Using the Tether Tools Look Lock to Create Point of View Behind-the-Scenes Videos

Last month, I taught a two-day workshop in the heart of Phoenix. While there, I was able to get some friends to come out and help create a behind-the-scenes video of the entire workshop. I was also able to meet with Tether Tools, whom are located in Phoenix, and they gave us access to some pretty cool tools, more specifically, my new favorite BTS tool, the Tether Tools Look Lock.

Like most people, I have an old GoPro that is rotting away on my desk. My Hero 3 Black Edition was purchased when it was first released. I saw the promo video and was completely sold on the idea. However, upon its arrival, I discovered the horrifying truth: I'm not a professional snowboarder, basejumper, or surfer, so my videos will never be quite as cool as those I saw.

Since then, the GoPro has kind of just sat there. Occasionally picked up, only to brush the dust off of it, my GoPro Hero3 has largely gone unused, and lost value with the release of newer models. While I've wanted to use it for behind-the-scenes videos, I never wanted to sacrifice my coolness by forcing myself to wear a headband or other attachment. Then I found the Look Lock by Tether Tools.

For me, Tether Tools has always been an interesting company that I don't know much about. I've shot tethered in the past, but I often like to move around too much to really see the value in it. It never occurred to me that they made more than just tether cables.

The Look Lock is a simple little contraption that allows you to mount items to a small boom arm extending out from your camera. While the selling point on their website is to use iPhones to get the attention of small children, it also works brilliantly for holding a GoPro. The result is that you can get some really great POV video footage throughout the day. This makes for incredible B-roll to cut to from time to time, and gives an amazing immersive experience for those who are watching.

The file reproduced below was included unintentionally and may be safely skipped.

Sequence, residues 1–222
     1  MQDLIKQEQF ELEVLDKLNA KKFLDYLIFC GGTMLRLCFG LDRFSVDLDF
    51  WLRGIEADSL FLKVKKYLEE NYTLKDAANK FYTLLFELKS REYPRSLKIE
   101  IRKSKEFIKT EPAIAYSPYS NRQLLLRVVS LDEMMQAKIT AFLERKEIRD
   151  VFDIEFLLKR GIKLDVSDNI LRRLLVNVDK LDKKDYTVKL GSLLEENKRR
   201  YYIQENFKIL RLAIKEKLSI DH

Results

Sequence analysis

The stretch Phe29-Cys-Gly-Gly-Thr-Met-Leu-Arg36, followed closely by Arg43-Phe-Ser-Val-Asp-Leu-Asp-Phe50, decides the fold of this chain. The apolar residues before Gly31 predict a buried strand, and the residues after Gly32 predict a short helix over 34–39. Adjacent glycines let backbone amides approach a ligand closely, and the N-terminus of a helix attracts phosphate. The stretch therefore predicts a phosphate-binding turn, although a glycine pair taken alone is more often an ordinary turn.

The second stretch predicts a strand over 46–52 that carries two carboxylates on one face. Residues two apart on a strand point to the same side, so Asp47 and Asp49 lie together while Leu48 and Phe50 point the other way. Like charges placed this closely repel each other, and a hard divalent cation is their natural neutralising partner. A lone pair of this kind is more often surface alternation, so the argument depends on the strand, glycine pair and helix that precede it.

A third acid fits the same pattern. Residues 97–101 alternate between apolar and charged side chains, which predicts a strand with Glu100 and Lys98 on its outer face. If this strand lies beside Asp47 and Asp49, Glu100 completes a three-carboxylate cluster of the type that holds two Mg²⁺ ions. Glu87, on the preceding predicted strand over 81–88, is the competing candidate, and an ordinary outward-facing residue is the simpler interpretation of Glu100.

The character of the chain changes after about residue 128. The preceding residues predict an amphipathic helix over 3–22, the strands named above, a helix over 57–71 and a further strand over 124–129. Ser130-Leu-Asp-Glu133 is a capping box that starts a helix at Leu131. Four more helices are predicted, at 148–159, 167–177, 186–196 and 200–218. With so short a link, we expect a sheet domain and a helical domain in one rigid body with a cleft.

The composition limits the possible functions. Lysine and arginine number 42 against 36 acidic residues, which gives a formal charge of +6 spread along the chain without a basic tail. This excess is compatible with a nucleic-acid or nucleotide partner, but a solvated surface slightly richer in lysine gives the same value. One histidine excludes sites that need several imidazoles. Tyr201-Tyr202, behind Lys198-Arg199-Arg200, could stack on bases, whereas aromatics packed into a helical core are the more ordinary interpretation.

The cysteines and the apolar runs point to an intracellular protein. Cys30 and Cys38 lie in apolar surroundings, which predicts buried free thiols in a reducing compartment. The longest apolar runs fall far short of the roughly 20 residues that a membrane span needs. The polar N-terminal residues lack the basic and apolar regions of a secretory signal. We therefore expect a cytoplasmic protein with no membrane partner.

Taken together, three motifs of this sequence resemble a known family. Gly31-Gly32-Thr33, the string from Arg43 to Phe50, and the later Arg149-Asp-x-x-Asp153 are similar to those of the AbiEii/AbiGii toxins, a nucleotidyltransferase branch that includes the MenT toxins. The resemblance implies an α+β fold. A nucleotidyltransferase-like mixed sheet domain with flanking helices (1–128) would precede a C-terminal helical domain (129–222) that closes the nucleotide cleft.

All of this said, this product was initially built for cell phones, so I could see the clamp becoming a problem as GoPro continues to develop smaller and smaller cameras. I did find that while it held the GoPro Hero3 in place well, it still helped to add some extra tension using a rubberband. With that in mind, this was a precautionary measure more than anything, and a GoPro camera could likely take the fall if it was to dislodge from the clamp system.

If you're looking to add a new dimension to your BTS videos, I recommend giving the Tether Tools Look Lock a try. The system is affordable, easy to use, and can add a cool, dynamic style to your next video. The Tether Tools Look Lock is available for purchase for only $74.95. And special thanks to Jimmy Beech and Andrew Foord for helping create these BTS videos.

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8 Comments

Hans Rosemond's picture

nice! I wonder if they have some sort of attachment that wouldn't take up your tripod mount or hot shoe. I can easily see myself wanting to use my pocketwizards while on a tripod and being out of luck.

Zach Sutton's picture

I'm sure there are a million other bracket solutions that could work as well, and might better fit your needs. I just found this one to be really easy to use, and was pretty affordable by comparison.

Hans Rosemond's picture

perfect! Thanks!

For getting video and stills at the same time, I found I can attach an EOS M2 to my hotshoe. Going to test it when shooting wildlife.

Dan Howell's picture

Sorry to quibble, but GoPro video of the same subject/angle/timing that you a capturing with your still camera is not exactly BTS. When I am asked to do BTS on my shoots it is practically everything BUT the same angle as the still camera. While it might be useful for a small percentage of a BTS reel, it is not a replacement for actual effort in capturing the a narrative about a project--the essence of BTS.

My DIY from last year, and that's what I've done with it: https://youtu.be/6gKrCp1T-WY